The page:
Super Agent

Archive for December, 2016

Purposeful Interruptions

One of the challenges we often help new producers overcome is their disdain, ambivalence or frustration with making “cold-calls.”

First, let’s define “cold-call.” It is not calling someone with whom you do not have a relationship for the sole purpose of either soliciting their business or “introducing yourself,” rather it is a call with the purpose of gaining permission to share industry or business information which will help them cultivate awareness around potential risks, threats or waste which may be occurring within their business.

This mental framing serves a couple of purposes. First, from a producer’s perspective, the idea that your calls may actually help your prospects gain value from the information you share or the questions you ask is far more motivating than thinking that you are interrupting a prospect’s day or being perceived as a nuisance.

This is also true from your prospect’s perspective. While a “sales” call may be unwelcomed, taking a call that may teach them something new or help them gain valuable insight may be worth considering.

When you set out to make contact with a prospect, ask yourself:

“What is the purpose of this call?”

“What do I want the prospect to consider as a result of this conversation?”

“If I don’t make this call is there a possibility that this prospect’s business could continue to experience a risk, threat or potential financial waste?”

Here are a couple of positioning examples for your “purposeful interruptions”:

“Hello, _____, This is (you) with XYZ Agency, the purpose of my call today is to see if you’re aware of the recent changes to _____?”

“_____, I’m glad I reached you today, the reason for reaching out is _____.”

Framing your calls and, more importantly, preparing your calls to make them more purposeful will not only improve your results, they will differentiate your calls from your competitors more “salesy” approach.

Remember, purposeful interruptions lead to purposeful conversations and ultimately more successful first meetings.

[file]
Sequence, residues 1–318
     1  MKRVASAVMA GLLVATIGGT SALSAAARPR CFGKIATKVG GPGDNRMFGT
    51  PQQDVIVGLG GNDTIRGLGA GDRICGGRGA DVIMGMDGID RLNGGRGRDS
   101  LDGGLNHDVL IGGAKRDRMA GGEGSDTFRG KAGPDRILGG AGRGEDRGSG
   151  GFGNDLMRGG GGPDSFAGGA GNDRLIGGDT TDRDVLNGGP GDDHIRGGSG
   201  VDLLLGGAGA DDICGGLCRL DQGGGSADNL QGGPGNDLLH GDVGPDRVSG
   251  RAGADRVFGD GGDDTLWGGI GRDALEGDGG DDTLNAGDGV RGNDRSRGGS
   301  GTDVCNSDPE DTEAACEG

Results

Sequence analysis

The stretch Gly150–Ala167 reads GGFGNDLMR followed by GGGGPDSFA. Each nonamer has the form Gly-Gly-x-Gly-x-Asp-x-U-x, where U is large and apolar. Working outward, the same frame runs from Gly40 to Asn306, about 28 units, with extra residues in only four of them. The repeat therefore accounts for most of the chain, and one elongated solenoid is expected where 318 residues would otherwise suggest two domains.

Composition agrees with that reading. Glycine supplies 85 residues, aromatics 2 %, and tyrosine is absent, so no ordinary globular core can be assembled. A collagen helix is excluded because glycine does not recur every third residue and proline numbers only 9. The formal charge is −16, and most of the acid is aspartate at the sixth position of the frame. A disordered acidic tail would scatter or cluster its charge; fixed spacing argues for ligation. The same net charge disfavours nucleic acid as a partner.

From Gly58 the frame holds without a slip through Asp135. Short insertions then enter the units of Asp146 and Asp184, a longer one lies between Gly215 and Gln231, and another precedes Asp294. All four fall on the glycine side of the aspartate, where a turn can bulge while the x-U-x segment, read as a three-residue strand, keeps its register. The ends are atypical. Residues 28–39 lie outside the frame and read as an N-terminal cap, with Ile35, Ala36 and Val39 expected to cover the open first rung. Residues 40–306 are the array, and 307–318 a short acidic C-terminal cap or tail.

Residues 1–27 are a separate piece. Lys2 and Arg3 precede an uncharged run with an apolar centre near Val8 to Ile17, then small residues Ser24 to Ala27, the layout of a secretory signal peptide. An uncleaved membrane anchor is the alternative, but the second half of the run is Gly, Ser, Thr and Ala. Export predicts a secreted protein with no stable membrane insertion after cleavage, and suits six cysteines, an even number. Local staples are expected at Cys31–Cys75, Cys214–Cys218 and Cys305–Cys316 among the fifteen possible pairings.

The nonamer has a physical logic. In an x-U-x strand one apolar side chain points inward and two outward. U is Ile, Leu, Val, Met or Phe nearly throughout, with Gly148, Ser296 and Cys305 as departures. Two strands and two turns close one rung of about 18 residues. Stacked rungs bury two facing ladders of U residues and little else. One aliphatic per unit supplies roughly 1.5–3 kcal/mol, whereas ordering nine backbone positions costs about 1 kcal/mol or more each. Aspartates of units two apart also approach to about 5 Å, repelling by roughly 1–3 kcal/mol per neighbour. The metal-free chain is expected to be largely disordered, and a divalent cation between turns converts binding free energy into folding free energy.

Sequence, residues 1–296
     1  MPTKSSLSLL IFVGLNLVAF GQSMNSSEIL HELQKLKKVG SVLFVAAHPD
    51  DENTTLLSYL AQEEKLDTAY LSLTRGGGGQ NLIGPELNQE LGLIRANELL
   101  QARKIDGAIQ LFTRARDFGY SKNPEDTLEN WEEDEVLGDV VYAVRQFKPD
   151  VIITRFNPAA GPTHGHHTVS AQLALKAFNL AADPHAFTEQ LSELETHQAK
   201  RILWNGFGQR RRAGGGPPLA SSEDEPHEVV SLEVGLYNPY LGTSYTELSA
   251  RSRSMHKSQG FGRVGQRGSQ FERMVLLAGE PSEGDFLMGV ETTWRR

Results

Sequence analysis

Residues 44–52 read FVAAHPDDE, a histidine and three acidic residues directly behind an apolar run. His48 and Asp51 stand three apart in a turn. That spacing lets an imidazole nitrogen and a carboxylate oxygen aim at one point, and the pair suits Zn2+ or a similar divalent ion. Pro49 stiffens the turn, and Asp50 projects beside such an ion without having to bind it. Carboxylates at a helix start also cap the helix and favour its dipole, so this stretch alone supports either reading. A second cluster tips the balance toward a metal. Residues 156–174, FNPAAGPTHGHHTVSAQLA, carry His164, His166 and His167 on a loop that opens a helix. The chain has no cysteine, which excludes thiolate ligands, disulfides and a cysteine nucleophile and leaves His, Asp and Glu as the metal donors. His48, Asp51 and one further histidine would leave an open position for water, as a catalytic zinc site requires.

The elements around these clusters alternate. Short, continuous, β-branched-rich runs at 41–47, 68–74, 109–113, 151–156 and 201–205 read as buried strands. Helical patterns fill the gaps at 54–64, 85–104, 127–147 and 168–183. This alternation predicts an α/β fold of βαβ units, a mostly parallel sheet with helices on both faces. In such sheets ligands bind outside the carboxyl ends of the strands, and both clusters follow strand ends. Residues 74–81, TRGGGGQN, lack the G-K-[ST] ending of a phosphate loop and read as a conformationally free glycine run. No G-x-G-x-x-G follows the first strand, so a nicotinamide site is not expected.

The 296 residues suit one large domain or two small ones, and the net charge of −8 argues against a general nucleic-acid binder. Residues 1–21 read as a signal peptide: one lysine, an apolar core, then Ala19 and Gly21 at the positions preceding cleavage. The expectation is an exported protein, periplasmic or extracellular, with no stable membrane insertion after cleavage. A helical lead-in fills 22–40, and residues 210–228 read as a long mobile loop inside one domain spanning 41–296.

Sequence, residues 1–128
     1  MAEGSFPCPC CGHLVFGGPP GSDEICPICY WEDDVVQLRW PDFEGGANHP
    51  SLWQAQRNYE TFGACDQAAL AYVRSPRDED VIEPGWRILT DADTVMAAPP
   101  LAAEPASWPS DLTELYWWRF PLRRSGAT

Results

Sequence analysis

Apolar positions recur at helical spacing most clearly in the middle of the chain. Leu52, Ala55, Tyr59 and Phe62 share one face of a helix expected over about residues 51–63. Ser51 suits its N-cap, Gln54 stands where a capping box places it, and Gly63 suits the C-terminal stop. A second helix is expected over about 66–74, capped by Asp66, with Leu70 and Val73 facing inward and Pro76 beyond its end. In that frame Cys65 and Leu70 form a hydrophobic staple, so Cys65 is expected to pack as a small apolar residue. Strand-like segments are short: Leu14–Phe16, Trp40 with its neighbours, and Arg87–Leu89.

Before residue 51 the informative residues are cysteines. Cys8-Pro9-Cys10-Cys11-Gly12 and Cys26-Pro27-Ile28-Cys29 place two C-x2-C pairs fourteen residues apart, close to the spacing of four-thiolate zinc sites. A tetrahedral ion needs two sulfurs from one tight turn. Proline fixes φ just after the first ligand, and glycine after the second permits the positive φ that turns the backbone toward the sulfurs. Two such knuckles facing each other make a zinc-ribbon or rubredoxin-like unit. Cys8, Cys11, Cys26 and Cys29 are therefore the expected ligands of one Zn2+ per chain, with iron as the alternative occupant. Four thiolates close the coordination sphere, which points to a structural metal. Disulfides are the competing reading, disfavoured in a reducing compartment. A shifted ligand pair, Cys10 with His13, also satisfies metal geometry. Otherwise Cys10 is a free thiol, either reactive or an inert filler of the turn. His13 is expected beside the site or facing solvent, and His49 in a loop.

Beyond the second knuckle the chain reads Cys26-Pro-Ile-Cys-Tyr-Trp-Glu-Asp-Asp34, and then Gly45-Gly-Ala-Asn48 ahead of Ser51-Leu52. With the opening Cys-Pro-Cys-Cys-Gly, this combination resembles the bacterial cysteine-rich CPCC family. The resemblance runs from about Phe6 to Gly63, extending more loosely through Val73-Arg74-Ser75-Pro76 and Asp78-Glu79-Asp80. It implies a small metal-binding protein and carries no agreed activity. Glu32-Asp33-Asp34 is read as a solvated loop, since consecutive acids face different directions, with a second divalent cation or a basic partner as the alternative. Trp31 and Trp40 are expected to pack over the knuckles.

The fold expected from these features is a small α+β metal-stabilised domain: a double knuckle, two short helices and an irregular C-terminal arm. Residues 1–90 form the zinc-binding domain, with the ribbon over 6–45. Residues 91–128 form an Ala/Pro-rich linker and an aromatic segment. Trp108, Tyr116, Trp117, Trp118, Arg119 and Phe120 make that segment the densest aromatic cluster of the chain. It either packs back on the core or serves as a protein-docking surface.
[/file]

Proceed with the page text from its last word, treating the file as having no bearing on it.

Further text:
Do You Have Belief and Gumption?

One of the concepts we often discuss in training is leadership. You may agree that employers don’t know what they don’t know and as a result can make poor risk management and insurance buying decisions. But would you agree that you are effectively leading them away from their flawed and dangerous processes and towards your more effective and efficient process?

Bringing leadership to the sales conversation requires you to tell your prospects that they are wrong, which of course must be done with diplomacy and empathy. This is not something most sales professionals enjoy doing, regardless of how necessary it is.

There are two core traits that help successful producers manage and execute these difficult conversations. The first is Belief. Successful producers believe that what they have to offer is of value and cannot be easily replicated. They believe that absent a business relationship with them, their prospects and clients will be underserved. They in themselves and they believe in their process.

The second trait we often find in successful producers is Gumption. That stick-to-it-ness that is required as they help prospects navigate the complexity that exists in their business, the marketplace and in the risk management and insurance buying process.

The two go hand in hand. Without belief in what you do and how you do it, it’s virtually impossible to have the tenacity and gumption necessary to lead prospects and clients away from flawed decision-making decisions. And without gumption, you’ll often find yourself acquiescing to your prospects and their flawed decision making process.

A question to consider: Do you believe that what you have to offer is of unique value and do you have the gumption to defend it and lead my prospects to it?

If not, reach out and let’s talk about it!